Aleksandr felt bones crumple under the force, and one eye burst in wet gore as Kholodny’s iron cross-piece penetrated deep in the skull.
An impact resounded against Aleksandr’s backplate, as the other aurin warrior sought to take advantage of Aleksandr’s vulnerability. But the bronze sword scraped across hard iron plate, leaving naught but a bruise. Aleksandr whirled on the second foe. Kholodny flashed, rippled steel glittering in the glowing light. He kept the domovoy on the defensive, a weaving pattern of blows that Aleksandr had trained so many times since childhood that he could do them in his sleep. In his periphery, Aleksandr saw another two fast approaching, swords and axes raised high.
The aurin were more dangerous than the racharin. That much was indisputable. Vicious, aggressive, with weapons and armor clearly goblin-made rather than scavenged from civilization’s leavings. They fought with rage, like Bear did. Furious onslaughts, sweeping blows, large weapons considering their stature.
But they lacked something simple. They lacked discipline. They lacked skill, or at least in sufficient quantities to match a man trained as a druzhnik—a Ruskan knight—since birth. They did not know the countless forms and stances, the counters and grapples, the maneuvers that a proper warrior learned.
It was their undoing.
Aleksandr’s pattern of attacks had fallen into a rut, and the domovoy responded as any amateur would. He grew confident, anticipating where Kholodny would be before it was there. It was a simple matter for Aleksandr stutter his tempo and then unleash a sudden onslaught. The blows left the domovoy opened from collar the belly, and he toppled backwards with little more than a shocked croak.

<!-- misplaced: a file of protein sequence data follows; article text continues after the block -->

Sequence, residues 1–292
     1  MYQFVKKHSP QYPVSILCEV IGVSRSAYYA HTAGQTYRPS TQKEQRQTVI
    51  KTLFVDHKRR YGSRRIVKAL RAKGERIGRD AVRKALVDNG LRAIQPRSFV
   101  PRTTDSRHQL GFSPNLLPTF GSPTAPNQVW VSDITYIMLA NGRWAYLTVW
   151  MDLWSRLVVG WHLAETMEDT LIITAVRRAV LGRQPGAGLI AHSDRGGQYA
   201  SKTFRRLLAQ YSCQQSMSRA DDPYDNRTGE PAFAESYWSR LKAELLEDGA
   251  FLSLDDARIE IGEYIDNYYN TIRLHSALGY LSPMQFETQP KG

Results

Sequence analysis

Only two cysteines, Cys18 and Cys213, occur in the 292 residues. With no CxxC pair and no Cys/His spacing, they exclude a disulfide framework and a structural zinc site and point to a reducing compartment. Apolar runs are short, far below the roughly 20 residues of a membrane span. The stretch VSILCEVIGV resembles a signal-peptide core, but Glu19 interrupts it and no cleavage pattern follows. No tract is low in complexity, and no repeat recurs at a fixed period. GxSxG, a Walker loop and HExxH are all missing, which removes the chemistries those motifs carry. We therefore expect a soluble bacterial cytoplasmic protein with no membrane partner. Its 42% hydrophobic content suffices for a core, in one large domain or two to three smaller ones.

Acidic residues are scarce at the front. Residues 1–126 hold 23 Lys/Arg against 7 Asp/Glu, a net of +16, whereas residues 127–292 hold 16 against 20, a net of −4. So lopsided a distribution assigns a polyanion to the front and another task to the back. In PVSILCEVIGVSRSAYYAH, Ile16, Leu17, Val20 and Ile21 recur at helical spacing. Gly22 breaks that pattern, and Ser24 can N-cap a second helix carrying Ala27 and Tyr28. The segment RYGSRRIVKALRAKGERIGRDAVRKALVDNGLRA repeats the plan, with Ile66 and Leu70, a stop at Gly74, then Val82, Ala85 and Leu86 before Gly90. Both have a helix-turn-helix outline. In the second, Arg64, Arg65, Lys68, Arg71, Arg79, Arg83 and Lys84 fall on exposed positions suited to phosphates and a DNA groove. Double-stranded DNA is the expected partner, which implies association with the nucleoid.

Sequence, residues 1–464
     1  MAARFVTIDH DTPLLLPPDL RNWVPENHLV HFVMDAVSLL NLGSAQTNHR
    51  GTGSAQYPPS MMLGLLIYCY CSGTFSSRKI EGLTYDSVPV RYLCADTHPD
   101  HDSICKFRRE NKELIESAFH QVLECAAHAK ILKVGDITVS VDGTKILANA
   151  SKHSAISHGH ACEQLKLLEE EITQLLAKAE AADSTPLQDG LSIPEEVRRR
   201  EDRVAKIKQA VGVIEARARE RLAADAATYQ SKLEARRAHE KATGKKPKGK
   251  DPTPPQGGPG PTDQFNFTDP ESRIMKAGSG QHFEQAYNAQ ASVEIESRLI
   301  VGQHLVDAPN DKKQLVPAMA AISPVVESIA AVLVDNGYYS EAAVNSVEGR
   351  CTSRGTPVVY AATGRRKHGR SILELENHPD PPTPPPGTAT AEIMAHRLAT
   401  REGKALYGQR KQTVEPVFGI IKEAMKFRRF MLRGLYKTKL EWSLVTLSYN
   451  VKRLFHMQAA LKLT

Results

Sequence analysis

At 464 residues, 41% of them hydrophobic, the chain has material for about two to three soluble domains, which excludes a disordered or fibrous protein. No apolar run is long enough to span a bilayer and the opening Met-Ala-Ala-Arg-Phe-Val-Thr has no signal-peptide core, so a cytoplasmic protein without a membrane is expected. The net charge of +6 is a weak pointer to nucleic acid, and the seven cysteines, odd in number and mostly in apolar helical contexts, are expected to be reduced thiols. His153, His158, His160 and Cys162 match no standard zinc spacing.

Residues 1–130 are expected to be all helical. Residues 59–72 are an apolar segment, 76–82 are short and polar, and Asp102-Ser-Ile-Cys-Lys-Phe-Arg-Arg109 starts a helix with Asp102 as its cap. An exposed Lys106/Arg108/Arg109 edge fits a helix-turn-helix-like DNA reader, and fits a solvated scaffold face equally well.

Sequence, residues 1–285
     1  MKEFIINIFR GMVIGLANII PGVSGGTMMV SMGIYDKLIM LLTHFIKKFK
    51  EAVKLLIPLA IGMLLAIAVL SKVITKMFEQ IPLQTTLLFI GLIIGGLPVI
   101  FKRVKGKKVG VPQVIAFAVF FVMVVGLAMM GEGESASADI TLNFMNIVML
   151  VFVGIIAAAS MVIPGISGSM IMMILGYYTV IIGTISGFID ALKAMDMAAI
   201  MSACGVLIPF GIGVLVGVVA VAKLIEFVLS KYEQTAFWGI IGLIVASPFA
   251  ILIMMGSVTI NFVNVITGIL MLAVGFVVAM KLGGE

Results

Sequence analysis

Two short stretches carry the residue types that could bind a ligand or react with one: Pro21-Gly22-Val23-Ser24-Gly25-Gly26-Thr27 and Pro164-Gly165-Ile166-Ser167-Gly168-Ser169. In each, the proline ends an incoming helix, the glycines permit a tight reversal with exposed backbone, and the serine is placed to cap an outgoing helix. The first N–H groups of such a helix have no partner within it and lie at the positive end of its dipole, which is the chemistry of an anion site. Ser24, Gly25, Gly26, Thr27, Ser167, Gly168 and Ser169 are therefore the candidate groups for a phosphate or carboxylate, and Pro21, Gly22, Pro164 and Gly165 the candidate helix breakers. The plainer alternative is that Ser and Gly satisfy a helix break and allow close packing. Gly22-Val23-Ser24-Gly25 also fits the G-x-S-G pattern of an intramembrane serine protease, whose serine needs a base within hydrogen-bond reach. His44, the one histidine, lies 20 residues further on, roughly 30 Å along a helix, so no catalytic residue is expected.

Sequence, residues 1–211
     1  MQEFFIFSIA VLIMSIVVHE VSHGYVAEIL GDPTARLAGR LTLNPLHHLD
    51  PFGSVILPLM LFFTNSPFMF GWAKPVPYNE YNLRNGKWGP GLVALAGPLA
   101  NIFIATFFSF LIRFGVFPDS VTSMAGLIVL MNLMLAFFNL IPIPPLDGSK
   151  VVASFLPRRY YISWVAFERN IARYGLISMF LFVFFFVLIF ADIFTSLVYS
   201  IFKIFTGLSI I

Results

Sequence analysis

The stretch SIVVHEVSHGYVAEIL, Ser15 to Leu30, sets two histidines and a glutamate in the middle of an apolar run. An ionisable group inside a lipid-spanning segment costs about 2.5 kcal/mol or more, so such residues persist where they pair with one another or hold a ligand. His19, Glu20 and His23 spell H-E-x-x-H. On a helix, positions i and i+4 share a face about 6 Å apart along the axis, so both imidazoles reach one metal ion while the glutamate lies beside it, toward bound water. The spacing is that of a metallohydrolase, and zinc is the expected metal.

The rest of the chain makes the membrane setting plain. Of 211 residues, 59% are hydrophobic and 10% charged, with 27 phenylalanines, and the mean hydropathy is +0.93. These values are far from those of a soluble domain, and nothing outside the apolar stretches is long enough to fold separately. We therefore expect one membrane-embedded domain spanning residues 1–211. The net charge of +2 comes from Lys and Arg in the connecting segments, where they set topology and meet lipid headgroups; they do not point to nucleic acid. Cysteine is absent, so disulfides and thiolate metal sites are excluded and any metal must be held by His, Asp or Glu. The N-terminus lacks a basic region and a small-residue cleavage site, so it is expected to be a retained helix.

Aleksandr turned to face the next two. The last three, behind them, were trying to get their two wounded allies back to their feet. These two seemed a touch hesitant, but still they advanced. Baring their teeth and snarling at Aleksandr in an alien tongue.
Aleksandr heard heavy impacts on the stone behind him. Blood dripped from Kholodny, blade and hilt alike, and Aleksandr could see red staining the glove on his right hand. He exhaled deeply, then drew in a breath through his nose.
Aleksandr and Dascha crashed into the two aurin in a storm of iron and blood.
When the fighting was ended, Dascha snorted in annoyance as he placed a broad hoof down on the broken body of his domovoy foe, and crushed the last glimmer of life. Aleksandr’s own foe was bleeding out on the stone after Kholodny had run him through. The hole in the domovoy’s chest made a wet, gurgling sound as he died.
Aleksandr looked to the last of them, and saw the surviving domovoy falling back. All three of them were retreating, and one was helping along one of the wounded. The other wounded had gone still, his shouting silenced..
Let them go, Aleksandr thought to himself. A few survivors makes little difference, so long as they are routed.
Aleksandr passed Kholodny to his left hand and placed his right on Dascha’s neck. The muscles in the huge warhorse’s neck rippled at the touch. Aleksandr scratched Dascha for a moment, until he realized he was leaving red streaks of domovoy blood on his old friend’s fur. He lowered his hand.
He could still hear the sounds of battle echoing through the cavern. He could only hope that, without their reinforcements, the aurin would collapse. Even so, he dreaded to think of what casualties might be waiting when he returned to his companions.
We have hours yet—maybe a full day—before we reach the end of the Underpass. A sobering thought. If they keep up these ambushes, sneak attacks, and all the rest… how many of us will still be alive when we finally get out?
They needed an edge. Yorrin and Prudence were excellent scouts, but not infallible. They needed a better way to anticipate the aurin’s next move.
Aleksandr looked up, staring at the small, dark hole in the cave wall. The domovoy had vanished into the side tunnel.
Who better to know when an attack is coming?